Recurring Revenue Still Flying High

parachuteInnovative companies who provide their products and services on a recurring basis have continued to generate new sales and drive greater profits since Aria Systems published its Big Book of Recurring Revenue Innovators e-book in Spring of this year. From established names such as Microsoft, ESPN, Toyota, and United Airlines to start-ups like JustFab, recurring revenue-based companies continue to show the potential for tremendous growth.

JustFab, which sells women’s shoes, handbags, jewelry, denim, and athletic gear by subscription, joined the Billion-Dollar Club of companies in August with a venture capital valuation of $1 billion or more. JustFab, and its brands ShoeDazzle, FabKids, and Fabletics, expect to do $400 million in revenue in 2014 and more than $500 million in 2015, with 90% from subscribers, according to co-founder Adam Goldenberg.

The August 2013 JustFab-ShoeDazzle merger made it into The Big Book of Recurring Revenue Innovators this year as the pair joined forces to build the world’s largest fashion subscription eCommerce company. Through $40 monthly subscriptions, the company aims to grab 15% market share among 18-35-year-old women who buy clothes online.

A Sept. 8, 2014, study from IdeaWorks found that United Airlines generated $5.7 billion in ancillary (non-airfare) income in 2013, five times more than United’s 2013 profit of $1.084 billion. Ancillary income includes United’s subscription revenue for checked bags, more legroom, and access to its in-airport red-carpet lounges providing 4.9% of United’s $38.2 billion in overall revenues, or $40.97 per passenger. The report ranks United’s ancillary revenue as No. 1 among global airlines.

Microsoft has pushed its online Office 365 software applications into the market for Apple’s iPads by offering a variety of subscriptions. Since Sept. 2, Microsoft has allowed Office for iPad subscribers to pay monthly, rather thanannually-only. Although Office 365 is free to iPad owners for viewing documents, a monthly subscription of $7-10 allows users to create new documents or reformat existing ones. Office 365 subscriptions for Android tablets are expected from Microsoft before the end of 2014.

The Big Book of Recurring Revenue Innovators recognized Microsoft for achieving $1 billion per year in annual sales through three separate subscription-revenue streams: Office 365, the Azure cloud computing Platform as a Service (PaaS), and Lync, Microsoft’s enterprise-oriented communications suite.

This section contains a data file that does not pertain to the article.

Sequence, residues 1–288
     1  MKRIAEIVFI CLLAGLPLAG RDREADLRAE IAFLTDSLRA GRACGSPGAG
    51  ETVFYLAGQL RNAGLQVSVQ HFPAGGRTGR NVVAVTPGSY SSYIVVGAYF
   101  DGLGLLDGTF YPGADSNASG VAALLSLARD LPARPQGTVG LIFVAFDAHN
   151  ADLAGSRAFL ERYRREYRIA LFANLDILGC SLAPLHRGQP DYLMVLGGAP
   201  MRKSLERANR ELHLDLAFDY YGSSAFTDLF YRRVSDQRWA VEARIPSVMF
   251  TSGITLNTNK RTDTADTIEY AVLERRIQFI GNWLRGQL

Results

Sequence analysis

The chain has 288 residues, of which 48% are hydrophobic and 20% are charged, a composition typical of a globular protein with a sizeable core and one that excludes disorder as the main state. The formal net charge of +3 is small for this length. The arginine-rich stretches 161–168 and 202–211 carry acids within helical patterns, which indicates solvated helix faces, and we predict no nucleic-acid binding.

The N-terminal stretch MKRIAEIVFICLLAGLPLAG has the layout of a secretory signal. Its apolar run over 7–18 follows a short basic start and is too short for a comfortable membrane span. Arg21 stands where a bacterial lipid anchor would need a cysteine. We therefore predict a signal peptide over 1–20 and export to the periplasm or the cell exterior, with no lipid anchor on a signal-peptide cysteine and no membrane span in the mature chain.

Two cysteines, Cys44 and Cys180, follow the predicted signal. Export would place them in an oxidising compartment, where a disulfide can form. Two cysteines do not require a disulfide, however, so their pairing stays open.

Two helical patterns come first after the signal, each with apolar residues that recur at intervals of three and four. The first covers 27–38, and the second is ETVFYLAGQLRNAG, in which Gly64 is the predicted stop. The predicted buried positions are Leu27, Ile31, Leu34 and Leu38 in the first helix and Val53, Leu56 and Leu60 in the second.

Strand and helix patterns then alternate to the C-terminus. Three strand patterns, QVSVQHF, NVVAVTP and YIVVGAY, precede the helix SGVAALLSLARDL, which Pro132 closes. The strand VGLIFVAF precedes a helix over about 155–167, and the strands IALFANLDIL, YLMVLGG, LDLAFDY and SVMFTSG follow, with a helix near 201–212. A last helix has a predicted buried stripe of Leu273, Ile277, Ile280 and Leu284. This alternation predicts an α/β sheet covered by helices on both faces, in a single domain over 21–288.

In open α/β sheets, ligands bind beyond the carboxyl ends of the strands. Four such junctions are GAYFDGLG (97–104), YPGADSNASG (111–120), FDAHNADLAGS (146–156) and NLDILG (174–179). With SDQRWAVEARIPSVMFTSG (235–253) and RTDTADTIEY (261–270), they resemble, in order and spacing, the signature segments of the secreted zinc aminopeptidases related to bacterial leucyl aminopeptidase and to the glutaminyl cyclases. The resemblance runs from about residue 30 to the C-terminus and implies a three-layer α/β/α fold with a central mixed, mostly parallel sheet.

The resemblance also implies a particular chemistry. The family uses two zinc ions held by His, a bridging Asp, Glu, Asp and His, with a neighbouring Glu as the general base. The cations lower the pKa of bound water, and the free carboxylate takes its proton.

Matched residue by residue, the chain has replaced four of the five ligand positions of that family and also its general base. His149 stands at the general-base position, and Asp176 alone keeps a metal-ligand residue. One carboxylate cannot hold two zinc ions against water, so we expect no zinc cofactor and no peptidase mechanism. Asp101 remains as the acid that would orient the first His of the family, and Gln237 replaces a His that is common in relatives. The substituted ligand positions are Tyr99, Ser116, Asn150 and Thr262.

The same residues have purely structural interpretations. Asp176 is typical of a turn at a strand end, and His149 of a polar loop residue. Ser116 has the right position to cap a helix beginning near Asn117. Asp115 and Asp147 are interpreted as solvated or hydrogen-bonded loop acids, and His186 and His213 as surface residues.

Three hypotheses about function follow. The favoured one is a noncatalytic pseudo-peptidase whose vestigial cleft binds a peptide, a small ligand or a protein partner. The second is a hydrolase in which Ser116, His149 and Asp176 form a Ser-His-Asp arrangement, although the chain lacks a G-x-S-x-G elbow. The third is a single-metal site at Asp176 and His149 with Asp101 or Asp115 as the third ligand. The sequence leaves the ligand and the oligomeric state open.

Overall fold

Meanwhile, sports media giant ESPN is considering selling online access to live Major League Soccer games to consumers who don’t have pay TV subscriptions. This effort to expand ESPN’s direct-to-consumer revenue with a subscription model would add to their existing repertoire of subscription services, which includes ESPN Insider and ESPN Magazine.

ESPN appeared in The Big Book of Recurring Revenue Innovators for using a subscription model to stem the flow of its audience from TV to online broadcasts. This is strategically important for ESPN as they seek to add more web-based subscribers without cannibalizing existing pay TV revenue.

Toyota made The Big Book of Recurring Revenue Innovators for Toyota Europe’s trial program of quarterly GPS map updates by subscription, but that’s not all they are doing with recurring revenue. In Japan this summer, Toyota beefed up its subscription, in-vehicle telematics system by adding automated voice activation. The new T-Connect service, available only in Japan, builds on Toyota’s G-Book system, which integrates a driver’s mobile phone with the car’s console. Meanwhile, Toyota-owned brand Lexus upgraded its telematics system to make high-speed internet standard. The service is free for three years with the purchase of new Lexus vehicles.

As Fortune reported last month, subscription-based sales are on the rise as the G200 as well as young start-ups understand the amazing gains that can be had with recurring revenue models.

About the Author

Tim Clark
Tim Clark is a partner and senior analyst with The FactPoint Group, a Silicon Valley-based market research and consulting firm that conducts proprietary research for customers and creates strategic content for clients. Its methodology relies on in-depth interviews with early adopters in target markets. Clark’s recent research has spanned Freemium, payments, Big Data, storage and Software as a Service. Prior to FactPoint, Clark was a senior analyst at Internet research firm Jupiter Media Metrix. Before becoming an analyst, Clark was a reporter and editor for 24 years, working as enterprise software reporter and e-commerce columnist for CNET's News.com, Inter@ctive Week and Advertising Age.

The Forrester Wave: Subscription Billing Platforms, Q4 2015

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